Nothing wrong with Ramaphosa’s Marikana calls – lawyer

2014-11-13 14:12

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Deputy President Cyril Ramaphosa did nothing wrong when he phoned former police minister Nathi Mthethwa and urged him to increase the police intervention at Marikana in August 2012, the Farlam Commission of Inquiry has heard.

“Our learned friends [lawyers for] the families sought to make a big issue from the fact that Minister Mthethwa was called by Mr Ramaphosa and Mr [Former National Union of Mineworkers president Senzeni] Zokwana on August 12 2012,” Lindi Nkosi-Thomas SC, for Mthethwa, said today in her closing arguments.

“They sought to interpret [the phone calls] as political interference. There is absolutely nothing wrong with Mr Ramaphosa calling the minister of police and saying ‘intervene because acts of criminality are taking place’.”

She said Mthethwa subsequently contacted top police officials and urged them to act, and that this was also above board.

“Can it be said that the minister overstepped the bright line between meddling and oversight? There is no evidence that suggests that such a line was breached,” said Nkosi-Thomas.

Mthethwa was simply exercising his oversight role over the police and did not interfere with operational matters.

In July, Dali Mpofu, for the arrested and wounded miners, contended that Ramaphosa had used Mthethwa to exert political pressure on the police to act against protesting Marikana miners.

He was cross-examining Mthethwa at the inquiry at the time.

Mthethwa testified that people, including Ramaphosa and Zokwana, phoned him, “raising concern about what was happening at Marikana”.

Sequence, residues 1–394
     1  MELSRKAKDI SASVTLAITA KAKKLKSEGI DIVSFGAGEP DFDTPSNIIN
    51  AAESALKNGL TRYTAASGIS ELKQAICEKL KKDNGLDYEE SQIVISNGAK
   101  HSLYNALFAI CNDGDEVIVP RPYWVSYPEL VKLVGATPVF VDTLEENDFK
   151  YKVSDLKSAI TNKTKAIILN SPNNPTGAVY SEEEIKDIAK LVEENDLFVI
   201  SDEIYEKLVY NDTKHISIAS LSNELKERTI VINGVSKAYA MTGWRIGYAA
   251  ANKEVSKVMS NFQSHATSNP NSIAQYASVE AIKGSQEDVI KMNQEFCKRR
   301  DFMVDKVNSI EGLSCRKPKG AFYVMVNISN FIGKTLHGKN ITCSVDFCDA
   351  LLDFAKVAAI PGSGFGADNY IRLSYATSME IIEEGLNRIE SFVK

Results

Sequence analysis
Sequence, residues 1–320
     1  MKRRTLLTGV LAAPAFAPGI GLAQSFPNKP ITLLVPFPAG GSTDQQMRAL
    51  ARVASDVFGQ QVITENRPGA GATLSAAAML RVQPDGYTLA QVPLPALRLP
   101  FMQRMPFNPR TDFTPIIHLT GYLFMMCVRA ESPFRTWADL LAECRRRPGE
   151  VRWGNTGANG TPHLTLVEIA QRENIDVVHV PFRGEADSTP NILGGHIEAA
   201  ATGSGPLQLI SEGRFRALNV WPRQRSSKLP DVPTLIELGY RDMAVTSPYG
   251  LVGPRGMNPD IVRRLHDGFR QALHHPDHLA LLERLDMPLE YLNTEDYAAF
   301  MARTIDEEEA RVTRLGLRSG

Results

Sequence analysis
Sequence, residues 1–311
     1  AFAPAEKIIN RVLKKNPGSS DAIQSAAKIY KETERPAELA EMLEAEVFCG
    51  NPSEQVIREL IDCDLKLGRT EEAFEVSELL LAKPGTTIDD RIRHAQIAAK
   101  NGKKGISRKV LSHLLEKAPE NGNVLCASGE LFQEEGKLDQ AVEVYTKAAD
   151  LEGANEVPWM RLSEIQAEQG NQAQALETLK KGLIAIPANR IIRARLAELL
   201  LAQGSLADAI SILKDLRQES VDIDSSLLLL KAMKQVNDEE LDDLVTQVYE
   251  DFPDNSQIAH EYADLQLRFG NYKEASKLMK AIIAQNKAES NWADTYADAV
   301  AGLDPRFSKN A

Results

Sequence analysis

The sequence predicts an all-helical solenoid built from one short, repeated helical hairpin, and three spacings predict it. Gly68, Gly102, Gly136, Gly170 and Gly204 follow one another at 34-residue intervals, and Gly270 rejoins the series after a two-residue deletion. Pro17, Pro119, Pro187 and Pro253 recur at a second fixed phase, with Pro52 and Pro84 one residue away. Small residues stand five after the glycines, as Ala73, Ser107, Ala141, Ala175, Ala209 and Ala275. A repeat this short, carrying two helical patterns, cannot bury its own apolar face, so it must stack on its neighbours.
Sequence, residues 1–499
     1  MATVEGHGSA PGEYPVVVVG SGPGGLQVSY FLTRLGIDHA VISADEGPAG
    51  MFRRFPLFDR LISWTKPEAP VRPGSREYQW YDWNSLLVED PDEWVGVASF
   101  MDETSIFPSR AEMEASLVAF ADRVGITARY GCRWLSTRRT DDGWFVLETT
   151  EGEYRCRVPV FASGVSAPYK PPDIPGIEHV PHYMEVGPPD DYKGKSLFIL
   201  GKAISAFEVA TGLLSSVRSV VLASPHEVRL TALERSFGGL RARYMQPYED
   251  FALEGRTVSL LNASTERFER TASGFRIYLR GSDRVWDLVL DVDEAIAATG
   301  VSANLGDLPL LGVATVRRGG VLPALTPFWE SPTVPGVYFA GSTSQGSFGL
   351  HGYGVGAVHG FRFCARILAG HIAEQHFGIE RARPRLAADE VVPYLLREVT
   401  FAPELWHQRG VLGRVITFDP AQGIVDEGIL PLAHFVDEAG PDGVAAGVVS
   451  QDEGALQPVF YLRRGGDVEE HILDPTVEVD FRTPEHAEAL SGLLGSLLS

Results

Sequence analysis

Ramaphosa was a nonexecutive director of Lonmin at the time.

He said the phone calls from Ramaphosa and Zokwana were on August 12 2012.

Mpofu submitted that the discussions between Ramaphosa, Mthethwa and North West police chief Lieutenant General Zukiswa Mbombo were illegal and against the constitutional framework.

However, Mthethwa said Mpofu’s assertions were a figment of his imagination.

The commission is investigating the deaths of 44 people during strike-related violence at Lonmin’s platinum mining operations at Marikana, near Rustenburg, North West.

Thirty-four people, mostly striking mineworkers, were shot dead in a clash with police, more than 70 were wounded, and another 250 were arrested on August 16 2012.

Police were apparently trying to disarm and disperse them.

In the preceding week, 10 people, including policemen and two Lonmin security guards, were killed.

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